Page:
Originally featured on Buzzfeed.
An evocative new photo series by up-and-coming photographer and artist Delphine Diallo depicting stories of female sexual exploitation and abuse has been released to mark International Day of the Girl. The images were captured at La Maison Rose, a safe-house supported by Save the Children in Dakar, Senegal, where the women and girls are currently seeking shelter.
French-Senegalese artist Diallo held workshops at La Maison Rose to encourage girls to express themselves through collage, which she then used to frame each portrait and punctuate elements of their life stories. The final set of images bears witness not only to the abuse experienced personally by the women and girls in the pictures, but by many women around the world on a daily basis.
The project comes as Save the Children releases its new report, Every Last Girl: Free to live, free to learn, free from harm. It highlights the dangers facing girls around the world and includes an index ranking the hardest places to be a girl according to levels of child marriage, schooling, teen pregnancy, maternal deaths and number of female MPs.
Senegal ranks in the bottom third of all countries according to the new index. While great progress has been made for equality – Senegal has the second highest number of women MPs in Africa[i] – a third of all girls are still married before the age of 18[ii], a quarter of girls and women aged 15 to 49 have undergone FGM[iii], and sexual and gender based violence against women and girls continues to be a major problem across the country, according to the UN[iv].
Speaking about the photo series, Delphine Diallo said: “I wanted to combine photography with collage for this project because sometimes photography is too basic to tell a story. The process of collage allowed these women and girls to assume control and identity within the images, making it a very participatory project.
“The energy in the room during the art workshops was intense because a lot of these women have suffered so much and everything they created was super personal. Some of the women incorporated images of death and pain, but also decorated the collages with such beauty. They were very expressive and I hope the process was therapeutic and helps them on their journey to heal.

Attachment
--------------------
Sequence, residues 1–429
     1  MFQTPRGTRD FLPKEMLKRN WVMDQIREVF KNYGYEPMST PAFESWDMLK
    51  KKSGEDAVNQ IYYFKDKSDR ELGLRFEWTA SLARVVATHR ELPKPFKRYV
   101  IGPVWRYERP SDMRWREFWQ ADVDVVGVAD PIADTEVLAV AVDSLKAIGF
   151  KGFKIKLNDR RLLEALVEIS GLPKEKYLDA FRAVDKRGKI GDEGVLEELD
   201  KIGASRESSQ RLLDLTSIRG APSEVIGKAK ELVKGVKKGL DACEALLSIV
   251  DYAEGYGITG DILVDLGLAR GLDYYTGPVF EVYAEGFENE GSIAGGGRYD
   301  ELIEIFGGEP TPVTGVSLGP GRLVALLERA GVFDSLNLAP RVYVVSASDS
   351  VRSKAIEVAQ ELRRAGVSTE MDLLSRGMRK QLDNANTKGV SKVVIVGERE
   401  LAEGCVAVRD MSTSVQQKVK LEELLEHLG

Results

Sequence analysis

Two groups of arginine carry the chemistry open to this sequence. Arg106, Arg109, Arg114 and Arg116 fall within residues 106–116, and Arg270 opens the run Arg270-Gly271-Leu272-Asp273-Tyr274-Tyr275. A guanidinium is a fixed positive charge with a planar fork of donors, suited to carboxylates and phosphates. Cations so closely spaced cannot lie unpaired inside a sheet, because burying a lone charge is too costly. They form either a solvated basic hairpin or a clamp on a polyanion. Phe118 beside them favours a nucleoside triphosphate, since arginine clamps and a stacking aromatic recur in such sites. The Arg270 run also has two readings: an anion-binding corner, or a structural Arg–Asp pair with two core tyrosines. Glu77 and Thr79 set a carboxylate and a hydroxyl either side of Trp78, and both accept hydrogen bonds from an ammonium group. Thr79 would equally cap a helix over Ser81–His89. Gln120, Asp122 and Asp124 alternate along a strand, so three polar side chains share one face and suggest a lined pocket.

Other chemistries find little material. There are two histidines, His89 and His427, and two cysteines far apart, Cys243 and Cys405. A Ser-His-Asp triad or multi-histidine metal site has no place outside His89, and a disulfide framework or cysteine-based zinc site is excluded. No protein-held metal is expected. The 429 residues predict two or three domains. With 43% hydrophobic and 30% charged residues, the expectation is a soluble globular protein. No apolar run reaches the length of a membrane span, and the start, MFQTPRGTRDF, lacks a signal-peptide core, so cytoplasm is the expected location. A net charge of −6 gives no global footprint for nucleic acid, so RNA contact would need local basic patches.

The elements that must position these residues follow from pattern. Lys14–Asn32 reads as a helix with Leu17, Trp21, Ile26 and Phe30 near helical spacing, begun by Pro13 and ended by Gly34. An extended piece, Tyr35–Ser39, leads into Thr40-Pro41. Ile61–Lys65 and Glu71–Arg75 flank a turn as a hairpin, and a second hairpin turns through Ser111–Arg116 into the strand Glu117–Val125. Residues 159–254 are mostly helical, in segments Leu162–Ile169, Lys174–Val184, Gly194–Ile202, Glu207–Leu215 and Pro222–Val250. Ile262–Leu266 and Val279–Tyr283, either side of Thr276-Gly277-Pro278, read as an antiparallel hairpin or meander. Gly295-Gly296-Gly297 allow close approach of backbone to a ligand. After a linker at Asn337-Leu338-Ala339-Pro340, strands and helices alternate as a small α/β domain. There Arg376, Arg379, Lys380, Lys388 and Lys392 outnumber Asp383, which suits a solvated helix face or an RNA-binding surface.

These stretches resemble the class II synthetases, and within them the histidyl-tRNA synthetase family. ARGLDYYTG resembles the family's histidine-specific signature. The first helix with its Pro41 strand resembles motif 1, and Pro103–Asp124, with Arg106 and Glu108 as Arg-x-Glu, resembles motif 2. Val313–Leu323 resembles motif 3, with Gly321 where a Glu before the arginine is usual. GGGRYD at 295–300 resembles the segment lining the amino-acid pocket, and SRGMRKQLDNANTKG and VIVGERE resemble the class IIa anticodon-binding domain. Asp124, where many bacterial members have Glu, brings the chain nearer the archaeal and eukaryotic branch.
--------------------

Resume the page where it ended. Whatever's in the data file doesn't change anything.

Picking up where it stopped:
“The house, La Maison Rose, is so calming. The colours are beautiful, children run around happily, so it really feels like a haven where women and girls can come to relax and heal and create a positive future. It was inspiring for me to see and I hope this comes through in the images. Everywhere I go in the world I am always surprised by women’s strength and resilience, and here was no different.”
Dr Bonzi Mathurin, Save the Children’s Country Director in Senegal, said: “La Maison Rose is doing excellent work supporting and healing incredibly vulnerable women and girls from Dakar and beyond. Many of them have suffered unimaginable violence, abuse and mistreatment simply because they were born a girl. We hope these images will raise awareness for the need to end violations against women and girls, not just across Senegal but around the world.”
La Maison Rose supports women and girls who have been victims of domestic and sexual abuse, exploitation, trafficking or have been living on the streets. It provides the young women, many of whom have children, with accommodation, health and psychological support needed to rebuild their lives and reintegrate into society.
While at the house, its residents are given access to essential services including medical care, counselling and legal advice, as well as psychological support through activities such as yoga, art workshops and gardening. The centre also provides career advice and skills training to help them to earn a living once they leave the shelter.
[i] World Bank. 43% of national parliament seats are held by women in Senegal (second highest in Africa after Rwanda).
[ii] Save the Children (2016), Every Last Girl: Free to live, free to learn, free from harm.
[iii] UNICEF (2016), Female Genital Mutilation/Cutting: A Global Concern.